16-gauge loads often carry a 1 ounce or 1- and ⅛-ounces lead shot, perfect for pheasants and other small moving targets. When combined with a 20-gauge frame, or receivers sized for a larger bore, this shotgun creates a benevolent compromise against upland birds. The only knock is these guns’ limited unavailability and ammunition, which isn’t available in bulk. While some manufacturers offer a modest selection, including non-toxic options, chamber lengths usually stop at 2 ¾ inches.

How Do 16 Gauge Guns and Ammo Compare To 12-Gauges for Pheasant?

The 12-gauge shotgun is possibly the most common firearm you’ll find out there during gun season. That’s because it fills in for a deer, duck, high-volume clay, and upland bird shooter. There are also many actions and ammo available on the market. On the other hand, the 16 gauge is a rarity, and for the more than 140 actions offered by a reputable retailer in 12, only five are sixteen.

The same goes for ammunition, where manufactures offer at least 300 different options for 12-gauge guns. That includes shells in various package sizes, but only about 11 for 16-gauge. It has nothing to do with performance, seeing as this bore hits pheasant well, but consumer acceptance drives industry delivery.

Let’s compare both loads to see where the 16-gauge fades in the hunter’s eyes. Factors to consider include;


For birdshot, energy is difficult to gauge as you’ll have to rely on the information on the ammo. The 12-gauge delivers more energy than a 16 and maintains it at a longer range. A twelve offers muzzle velocity of 2,521 foot-pounds, holding that to 1,262 foot-pounds at 100 yards. The 16-gauge has a muzzle energy of 1,989 foot-pounds which drops to 772 foot-pounds by the time it reaches the same yardage.


Different ammo for the 16 gauge and the 12 gauge will deliver various velocities, but the twelve come ahead. For instance, Winchester loads for both shotguns are similarly loaded, but the twelve lists muzzle velocity at 1,290 feet per second against the sixteen’s 1,165 fps.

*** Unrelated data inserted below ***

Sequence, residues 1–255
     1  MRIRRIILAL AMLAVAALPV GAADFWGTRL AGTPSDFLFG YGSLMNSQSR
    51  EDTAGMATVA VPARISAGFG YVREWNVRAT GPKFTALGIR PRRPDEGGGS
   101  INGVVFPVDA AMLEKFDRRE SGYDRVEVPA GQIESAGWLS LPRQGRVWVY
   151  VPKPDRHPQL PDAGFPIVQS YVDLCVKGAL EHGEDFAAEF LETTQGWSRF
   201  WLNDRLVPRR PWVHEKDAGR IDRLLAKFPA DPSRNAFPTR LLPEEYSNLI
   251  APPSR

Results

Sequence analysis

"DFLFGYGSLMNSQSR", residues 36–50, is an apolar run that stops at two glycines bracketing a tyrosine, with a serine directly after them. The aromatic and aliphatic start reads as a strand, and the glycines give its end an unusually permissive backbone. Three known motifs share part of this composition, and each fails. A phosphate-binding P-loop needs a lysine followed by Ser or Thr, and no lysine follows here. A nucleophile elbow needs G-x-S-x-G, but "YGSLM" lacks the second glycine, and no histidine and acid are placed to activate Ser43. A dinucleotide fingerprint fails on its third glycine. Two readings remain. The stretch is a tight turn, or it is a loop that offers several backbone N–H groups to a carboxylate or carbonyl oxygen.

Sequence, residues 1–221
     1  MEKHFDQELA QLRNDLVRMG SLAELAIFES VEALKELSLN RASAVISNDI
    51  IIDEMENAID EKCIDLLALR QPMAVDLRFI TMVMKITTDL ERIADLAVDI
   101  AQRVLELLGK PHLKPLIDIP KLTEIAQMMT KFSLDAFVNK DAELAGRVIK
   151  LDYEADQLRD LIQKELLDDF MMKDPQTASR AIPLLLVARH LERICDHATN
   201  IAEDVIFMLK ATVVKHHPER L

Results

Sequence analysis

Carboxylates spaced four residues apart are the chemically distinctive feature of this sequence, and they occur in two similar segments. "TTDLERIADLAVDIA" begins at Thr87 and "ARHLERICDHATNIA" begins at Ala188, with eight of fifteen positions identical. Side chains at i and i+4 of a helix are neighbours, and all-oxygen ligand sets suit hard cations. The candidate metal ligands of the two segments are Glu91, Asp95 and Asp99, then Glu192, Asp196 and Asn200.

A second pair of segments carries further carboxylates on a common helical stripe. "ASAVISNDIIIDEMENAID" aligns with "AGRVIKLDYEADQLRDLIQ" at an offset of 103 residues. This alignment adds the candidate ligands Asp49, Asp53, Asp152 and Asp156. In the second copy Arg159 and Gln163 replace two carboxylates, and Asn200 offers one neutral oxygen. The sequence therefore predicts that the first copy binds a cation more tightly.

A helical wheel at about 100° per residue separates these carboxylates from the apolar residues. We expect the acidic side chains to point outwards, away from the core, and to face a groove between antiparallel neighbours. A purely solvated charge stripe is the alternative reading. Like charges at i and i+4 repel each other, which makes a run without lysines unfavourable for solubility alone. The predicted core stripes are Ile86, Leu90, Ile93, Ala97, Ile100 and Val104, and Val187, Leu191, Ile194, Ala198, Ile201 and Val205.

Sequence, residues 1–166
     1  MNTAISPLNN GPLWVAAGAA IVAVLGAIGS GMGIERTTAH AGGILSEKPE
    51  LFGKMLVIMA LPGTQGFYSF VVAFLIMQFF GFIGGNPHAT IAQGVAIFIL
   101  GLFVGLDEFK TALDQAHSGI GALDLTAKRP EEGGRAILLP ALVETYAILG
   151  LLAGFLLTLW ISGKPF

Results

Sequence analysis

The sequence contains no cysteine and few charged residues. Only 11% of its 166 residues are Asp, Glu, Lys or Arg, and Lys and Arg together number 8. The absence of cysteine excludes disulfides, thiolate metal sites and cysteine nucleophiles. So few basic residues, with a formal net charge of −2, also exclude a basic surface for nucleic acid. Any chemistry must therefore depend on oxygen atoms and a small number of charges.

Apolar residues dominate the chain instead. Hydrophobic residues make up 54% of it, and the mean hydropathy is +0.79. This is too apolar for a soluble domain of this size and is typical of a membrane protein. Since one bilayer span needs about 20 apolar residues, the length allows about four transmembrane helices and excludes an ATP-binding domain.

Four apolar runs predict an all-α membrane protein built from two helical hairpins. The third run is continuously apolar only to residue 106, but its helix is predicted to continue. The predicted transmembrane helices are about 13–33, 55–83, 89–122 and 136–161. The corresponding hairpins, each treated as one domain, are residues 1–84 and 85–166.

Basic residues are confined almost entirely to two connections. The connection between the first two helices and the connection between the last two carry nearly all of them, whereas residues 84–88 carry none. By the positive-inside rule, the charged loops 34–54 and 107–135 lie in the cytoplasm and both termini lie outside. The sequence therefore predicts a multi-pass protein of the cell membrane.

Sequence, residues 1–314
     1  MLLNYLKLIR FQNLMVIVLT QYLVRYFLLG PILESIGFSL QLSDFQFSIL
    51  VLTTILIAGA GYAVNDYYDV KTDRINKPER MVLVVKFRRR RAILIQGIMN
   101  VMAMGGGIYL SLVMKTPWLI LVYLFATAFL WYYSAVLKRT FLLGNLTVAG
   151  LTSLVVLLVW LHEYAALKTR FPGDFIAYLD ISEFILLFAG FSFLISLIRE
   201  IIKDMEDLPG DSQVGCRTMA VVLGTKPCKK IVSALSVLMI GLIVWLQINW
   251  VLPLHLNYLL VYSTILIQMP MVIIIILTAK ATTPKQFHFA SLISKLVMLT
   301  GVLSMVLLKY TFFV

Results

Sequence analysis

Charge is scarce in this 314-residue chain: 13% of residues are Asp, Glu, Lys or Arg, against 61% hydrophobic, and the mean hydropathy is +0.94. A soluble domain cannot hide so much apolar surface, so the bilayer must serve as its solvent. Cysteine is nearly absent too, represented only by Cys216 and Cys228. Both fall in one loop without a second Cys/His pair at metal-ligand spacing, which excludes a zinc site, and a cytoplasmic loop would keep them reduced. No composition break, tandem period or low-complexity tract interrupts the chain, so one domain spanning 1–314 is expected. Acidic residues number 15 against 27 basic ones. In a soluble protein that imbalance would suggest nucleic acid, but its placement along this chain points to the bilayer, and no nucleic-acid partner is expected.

The more powerful 12-gauge shell kicks harder than a 16 gauge’s lighter recoil, which makes it easier to shoulder, especially when you’re shooting pheasant. That’s because felt recoil increases the more shots you fire, for which upland birds often require dozens.


Assuming you’re shooting the same size loads, you can expect 12-gauge shells to deliver better range while maintaining knockdown power. While twelve-gauge down-range accuracy is guaranteed, the difference is minimal. For instance, the 16 gauge with a 350-grain slug drops 4.4 inches at 100 yards against a 12’s 3.5 inches with a 438-grain slug at the same distance.


Depending on where you’re buying your ammo and the bulk you go for, 12-gauge shells or slugs are more affordable than 16 gauge for similar products. The cheapest twelve-gauge shell costs around $0.30, while those for sixteens will set you back nearly $0.50 per round. Winchester’s Super-X ammunition with an ounce of number 6 shot is priced at $0.54 for 16-gauge and $0.27 for 12-gauge per round.


It’s hard to compare 16-gauge vs. 12-gauge for pheasants because the former shotgun is such a rarity. Many shooters consider them a novelty item, but this gun has its place among upland bird hunters. Loading this bore size with slugs becomes a formidable foe against roosters at medium range, but the 12 gauge remains king of the industry.